Disclosures released by the Office of Government Ethics on Monday show that as a longtime partner to the law firm King & Spalding, Wray represented the Atlanta-based SunTrust Banks and the pulp and paper company Georgia-Pacific. Wray also provided legal services to other major corporations, including Chevron, Wells Fargo and Johnson & Johnson.
The filings show that Wray also invested his money in many of the state's biggest companies, including SunTrust, Aflac, UPS and Southern Company.
He owned up to $1 million of stock in Home Depot, according to the filings, and between $300,000 and $600,00 in Coca-Cola shares, part of a broad portfolio that included many blue chip companies.
Overall, Wray earned $9.2 million from his role as partner at King & Spalding, according to the paperwork.
The documents were released ahead of Wray's confirmation hearing before the Senate Judiciary Committee on Wednesday.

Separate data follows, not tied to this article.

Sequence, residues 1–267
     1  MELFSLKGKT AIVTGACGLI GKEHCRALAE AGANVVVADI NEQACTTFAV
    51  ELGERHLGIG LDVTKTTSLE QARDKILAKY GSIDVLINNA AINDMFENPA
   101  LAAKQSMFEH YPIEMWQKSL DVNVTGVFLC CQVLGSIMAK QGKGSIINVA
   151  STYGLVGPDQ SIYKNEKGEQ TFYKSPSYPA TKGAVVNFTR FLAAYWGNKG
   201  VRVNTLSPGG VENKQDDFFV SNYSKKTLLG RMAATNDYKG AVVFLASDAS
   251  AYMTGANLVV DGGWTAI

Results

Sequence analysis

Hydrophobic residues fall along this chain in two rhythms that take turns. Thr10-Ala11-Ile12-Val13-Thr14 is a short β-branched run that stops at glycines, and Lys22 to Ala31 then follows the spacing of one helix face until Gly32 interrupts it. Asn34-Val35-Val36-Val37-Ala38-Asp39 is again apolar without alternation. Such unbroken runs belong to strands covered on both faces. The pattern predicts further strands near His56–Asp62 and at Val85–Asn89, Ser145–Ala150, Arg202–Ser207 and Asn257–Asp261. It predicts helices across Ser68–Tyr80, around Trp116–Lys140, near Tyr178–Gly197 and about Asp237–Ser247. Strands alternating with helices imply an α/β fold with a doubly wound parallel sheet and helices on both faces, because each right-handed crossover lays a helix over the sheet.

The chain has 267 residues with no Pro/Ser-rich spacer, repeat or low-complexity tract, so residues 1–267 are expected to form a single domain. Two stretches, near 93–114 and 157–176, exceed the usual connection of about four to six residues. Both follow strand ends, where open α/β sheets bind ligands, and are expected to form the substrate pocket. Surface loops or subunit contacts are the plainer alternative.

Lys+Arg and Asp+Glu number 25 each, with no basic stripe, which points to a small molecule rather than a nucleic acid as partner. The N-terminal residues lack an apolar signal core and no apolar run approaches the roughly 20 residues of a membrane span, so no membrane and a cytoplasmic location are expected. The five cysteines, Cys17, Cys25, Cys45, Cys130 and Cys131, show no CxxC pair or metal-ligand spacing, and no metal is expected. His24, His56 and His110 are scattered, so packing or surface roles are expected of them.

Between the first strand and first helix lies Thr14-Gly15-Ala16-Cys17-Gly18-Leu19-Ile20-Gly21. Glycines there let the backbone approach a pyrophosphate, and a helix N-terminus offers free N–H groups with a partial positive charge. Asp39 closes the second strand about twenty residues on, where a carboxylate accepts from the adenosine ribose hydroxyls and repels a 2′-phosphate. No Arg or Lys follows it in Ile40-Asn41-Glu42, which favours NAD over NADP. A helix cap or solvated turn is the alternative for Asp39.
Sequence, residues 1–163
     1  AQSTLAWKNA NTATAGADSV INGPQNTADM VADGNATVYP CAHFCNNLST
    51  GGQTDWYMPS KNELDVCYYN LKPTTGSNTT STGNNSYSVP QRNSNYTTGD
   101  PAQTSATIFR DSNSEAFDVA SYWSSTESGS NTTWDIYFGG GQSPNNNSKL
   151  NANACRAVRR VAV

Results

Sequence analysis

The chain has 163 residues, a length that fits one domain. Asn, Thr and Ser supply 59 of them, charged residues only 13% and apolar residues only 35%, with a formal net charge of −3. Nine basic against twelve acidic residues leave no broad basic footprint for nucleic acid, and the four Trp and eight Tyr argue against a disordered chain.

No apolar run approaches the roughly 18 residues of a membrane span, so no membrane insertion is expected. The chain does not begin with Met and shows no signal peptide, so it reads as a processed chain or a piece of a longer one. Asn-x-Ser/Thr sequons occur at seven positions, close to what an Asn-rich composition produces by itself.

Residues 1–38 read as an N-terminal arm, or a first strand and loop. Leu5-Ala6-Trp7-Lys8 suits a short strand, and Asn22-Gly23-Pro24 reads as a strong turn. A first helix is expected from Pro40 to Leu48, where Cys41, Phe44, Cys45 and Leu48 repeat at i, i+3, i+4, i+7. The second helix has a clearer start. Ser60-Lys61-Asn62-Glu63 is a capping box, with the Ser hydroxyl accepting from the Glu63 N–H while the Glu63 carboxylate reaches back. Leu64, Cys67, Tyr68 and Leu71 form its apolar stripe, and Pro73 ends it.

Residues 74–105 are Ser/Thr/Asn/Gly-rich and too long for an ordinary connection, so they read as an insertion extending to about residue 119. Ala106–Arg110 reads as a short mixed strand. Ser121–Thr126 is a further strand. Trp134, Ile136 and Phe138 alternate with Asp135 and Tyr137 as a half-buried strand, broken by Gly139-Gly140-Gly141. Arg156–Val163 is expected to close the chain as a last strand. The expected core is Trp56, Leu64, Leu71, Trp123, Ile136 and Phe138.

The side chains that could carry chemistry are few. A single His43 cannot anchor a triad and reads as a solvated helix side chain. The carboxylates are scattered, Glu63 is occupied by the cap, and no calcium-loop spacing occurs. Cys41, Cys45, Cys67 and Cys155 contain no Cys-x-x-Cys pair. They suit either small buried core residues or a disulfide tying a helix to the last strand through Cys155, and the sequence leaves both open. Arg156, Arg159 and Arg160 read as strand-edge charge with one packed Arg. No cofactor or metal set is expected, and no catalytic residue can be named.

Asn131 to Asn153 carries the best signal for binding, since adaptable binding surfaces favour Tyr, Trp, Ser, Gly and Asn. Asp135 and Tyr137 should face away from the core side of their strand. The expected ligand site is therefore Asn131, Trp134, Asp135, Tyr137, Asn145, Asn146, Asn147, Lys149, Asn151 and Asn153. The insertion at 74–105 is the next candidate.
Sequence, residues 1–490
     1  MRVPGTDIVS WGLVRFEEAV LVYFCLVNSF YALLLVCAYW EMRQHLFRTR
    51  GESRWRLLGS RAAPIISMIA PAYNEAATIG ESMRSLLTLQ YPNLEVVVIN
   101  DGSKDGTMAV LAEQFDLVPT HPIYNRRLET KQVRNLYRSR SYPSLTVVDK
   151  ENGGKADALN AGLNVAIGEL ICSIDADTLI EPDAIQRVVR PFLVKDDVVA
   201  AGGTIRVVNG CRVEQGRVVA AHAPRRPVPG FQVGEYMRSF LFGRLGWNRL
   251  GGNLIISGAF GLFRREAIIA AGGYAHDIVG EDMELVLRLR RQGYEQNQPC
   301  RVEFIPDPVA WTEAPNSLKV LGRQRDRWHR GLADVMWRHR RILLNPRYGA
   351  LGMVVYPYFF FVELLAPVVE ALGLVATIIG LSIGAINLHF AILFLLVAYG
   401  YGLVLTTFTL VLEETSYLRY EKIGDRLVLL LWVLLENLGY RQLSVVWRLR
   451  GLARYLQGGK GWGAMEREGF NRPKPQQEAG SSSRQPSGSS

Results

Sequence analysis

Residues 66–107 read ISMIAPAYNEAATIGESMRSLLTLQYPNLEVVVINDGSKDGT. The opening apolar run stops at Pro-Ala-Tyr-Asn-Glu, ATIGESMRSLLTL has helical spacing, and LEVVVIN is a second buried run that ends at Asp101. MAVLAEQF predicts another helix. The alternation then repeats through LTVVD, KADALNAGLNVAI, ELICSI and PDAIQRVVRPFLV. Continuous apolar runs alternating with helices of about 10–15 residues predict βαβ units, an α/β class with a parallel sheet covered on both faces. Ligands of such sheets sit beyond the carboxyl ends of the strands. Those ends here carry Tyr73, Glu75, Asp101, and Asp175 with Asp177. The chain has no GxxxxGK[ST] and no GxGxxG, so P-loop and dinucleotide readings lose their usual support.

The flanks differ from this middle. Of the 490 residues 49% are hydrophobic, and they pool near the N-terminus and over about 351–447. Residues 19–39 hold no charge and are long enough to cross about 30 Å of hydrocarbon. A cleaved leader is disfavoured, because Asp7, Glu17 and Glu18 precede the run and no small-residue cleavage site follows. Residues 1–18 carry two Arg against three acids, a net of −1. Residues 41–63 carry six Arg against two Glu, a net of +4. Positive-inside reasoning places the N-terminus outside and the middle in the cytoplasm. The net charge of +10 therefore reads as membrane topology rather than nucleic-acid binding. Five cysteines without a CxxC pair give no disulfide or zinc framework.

Lawmakers are expected to question Wray extensively about his stance on Russian meddling in last year's elections and how he would maintain his independence from the Trump White House. A Muslim civil rights group has also requested that senators probe the way Wray treated immigrant detainees as a Bush administration official in the aftermath of 9/11.
As part of his ethics agreement with the Office of Government Ethics, Wray agreed to recuse himself from any FBI business related to King & Spalding and other former clients for a year unless he first receives a waiver.
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